The recent departure of Magda, Marc Houle and Troy Pierce from Richie Hawtin's Minus imprint certainly came as a surprise to many. Citing a desire for artistic diversification as the central reason for the parting of ways, eyes were on the recent Items & Things party in Berlin to see what the trio had to offer.
The venue, Prince Charles, provided an excellent backdrop for the event. The main space was intimate, the sound system was loud and punchy, and every square inch of the place was very, very dark. A careful attention to detail was also evident: Gold decorations lined the walls and ceiling, masks and a seemingly endless stream of golden confetti rained down on the dance floor, while mix CDs were handed out to the crowd throughout the night.
Photo credit: Katrina James
And what exactly is the sound? Bassy, clicky, hook-driven and loop-centric—Minus techno, dare I say it. From beginning to end, the party essentially felt like a Minus showcase, albeit without Richie Hawtin. Although certainly enjoyable in its own right, Magda's set never strayed from the bass-heavy, "horror-tinged" borderline disco sound that she has come to be known for. There were plenty of inspired moments, and occasionally the anticipation built and it felt as though a curveball might pave the way to pastures new, but—sure enough—a new chunky bassline always snuck in and brought things firmly back to familiar territory.
Next up was Marc Houle's live set, which, for me, stood as the highlight of the evening. Straddling the lines between moody bassline melodies and harsh percussive motifs, the hour-long performance was structured almost entirely around new material, with none of the signature tracks that have remained staples in his live set over the past few years. At a time when seemingly every techno artist on the planet is churning out a live set that ultimately relies far too heavily on slowly changing textures to warrant an hour's attention, Houle's ability to construct such an engaging array of tracks with a clearly defined progression and constantly evolving focus sets him far apart from so many of his peers.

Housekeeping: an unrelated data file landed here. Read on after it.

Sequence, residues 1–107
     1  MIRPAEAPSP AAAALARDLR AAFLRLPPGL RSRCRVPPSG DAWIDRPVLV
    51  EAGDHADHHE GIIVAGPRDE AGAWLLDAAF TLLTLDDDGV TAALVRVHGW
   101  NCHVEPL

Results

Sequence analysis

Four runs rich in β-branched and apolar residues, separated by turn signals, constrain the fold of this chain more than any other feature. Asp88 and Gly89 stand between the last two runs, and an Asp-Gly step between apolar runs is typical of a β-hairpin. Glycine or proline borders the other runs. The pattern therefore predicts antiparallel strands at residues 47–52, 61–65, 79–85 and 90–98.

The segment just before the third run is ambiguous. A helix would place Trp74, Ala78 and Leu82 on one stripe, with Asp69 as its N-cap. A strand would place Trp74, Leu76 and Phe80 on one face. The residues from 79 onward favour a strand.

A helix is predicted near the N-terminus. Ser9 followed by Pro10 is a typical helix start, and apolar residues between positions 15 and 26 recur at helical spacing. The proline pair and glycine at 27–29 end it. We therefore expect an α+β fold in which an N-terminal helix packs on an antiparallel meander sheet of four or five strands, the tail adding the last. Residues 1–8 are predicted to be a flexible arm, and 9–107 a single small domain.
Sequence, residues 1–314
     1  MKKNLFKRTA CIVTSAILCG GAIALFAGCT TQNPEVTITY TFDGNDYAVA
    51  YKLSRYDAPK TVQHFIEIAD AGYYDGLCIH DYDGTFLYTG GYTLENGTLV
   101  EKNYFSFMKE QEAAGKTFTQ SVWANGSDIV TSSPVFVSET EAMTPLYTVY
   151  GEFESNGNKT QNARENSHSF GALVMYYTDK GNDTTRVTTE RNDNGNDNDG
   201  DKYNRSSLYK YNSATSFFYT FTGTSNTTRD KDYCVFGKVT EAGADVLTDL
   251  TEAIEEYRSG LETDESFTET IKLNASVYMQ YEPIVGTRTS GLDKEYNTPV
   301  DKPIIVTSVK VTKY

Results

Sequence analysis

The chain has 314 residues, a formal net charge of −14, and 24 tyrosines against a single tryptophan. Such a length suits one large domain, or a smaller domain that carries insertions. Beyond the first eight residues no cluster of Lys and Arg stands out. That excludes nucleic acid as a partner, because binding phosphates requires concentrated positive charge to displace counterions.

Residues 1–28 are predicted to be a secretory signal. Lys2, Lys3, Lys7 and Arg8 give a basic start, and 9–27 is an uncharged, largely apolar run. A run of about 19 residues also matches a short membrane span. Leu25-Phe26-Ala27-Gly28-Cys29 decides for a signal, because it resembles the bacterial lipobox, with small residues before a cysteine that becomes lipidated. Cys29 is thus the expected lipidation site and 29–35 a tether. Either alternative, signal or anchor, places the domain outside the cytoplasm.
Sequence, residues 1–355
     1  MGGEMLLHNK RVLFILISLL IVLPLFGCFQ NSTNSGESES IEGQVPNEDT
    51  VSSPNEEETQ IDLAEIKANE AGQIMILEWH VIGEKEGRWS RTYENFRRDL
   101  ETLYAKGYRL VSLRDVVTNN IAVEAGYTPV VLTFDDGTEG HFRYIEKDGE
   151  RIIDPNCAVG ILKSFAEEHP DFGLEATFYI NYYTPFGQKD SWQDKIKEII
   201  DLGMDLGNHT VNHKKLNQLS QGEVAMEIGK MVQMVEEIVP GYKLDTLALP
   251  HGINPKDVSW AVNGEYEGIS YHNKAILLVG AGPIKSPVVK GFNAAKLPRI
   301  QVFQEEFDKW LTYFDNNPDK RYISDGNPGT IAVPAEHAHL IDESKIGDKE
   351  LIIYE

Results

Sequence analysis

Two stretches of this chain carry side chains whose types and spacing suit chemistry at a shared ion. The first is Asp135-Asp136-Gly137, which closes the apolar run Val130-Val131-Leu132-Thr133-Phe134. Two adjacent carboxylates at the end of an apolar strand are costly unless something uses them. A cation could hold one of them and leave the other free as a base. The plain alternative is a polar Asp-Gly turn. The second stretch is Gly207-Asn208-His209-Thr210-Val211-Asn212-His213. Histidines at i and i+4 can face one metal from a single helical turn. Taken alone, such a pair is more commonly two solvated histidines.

There was no mid-set lull when everyone realized they needed another drink, and the crowd were vocal and receptive throughout. At no point did this feel like a half-hearted mid-week party: He may not have reinvented the wheel, but Marc Houle shows no signs of losing his touch. To close the party was a DJ set by Troy Pierce. Again, expertly executed, well selected, and perfectly enjoyable—but this could have easily been 2006.
Photo credit: Katrina James
A friend later commented to me that the purpose of the new label was not necessarily for its three central artists to redefine their sound, but rather that it provided a platform for them to continue what they were doing while signing other artists to extend and diversify their palette. If this is how future parties pan out, the contrasts will certainly make for some intriguing listening. It will also be interesting to see whether the label's new signings will be given more prominent DJ slots at the future Items & Things parties. Tonight, they were relegated to very early warm-up duties, so they'd finished before most people had even arrived at the event.
For such well-established artists, starting something new was always going to be difficult. On the one hand, it seems unnecessary to change a winning formula—and, indeed, many elements of an excellent Minus party were very evident here. It's quite possible that over time Items & Things will establish its own niche and create a genuinely new identity for itself. So far, though, it really is difficult to see anything that's radically different.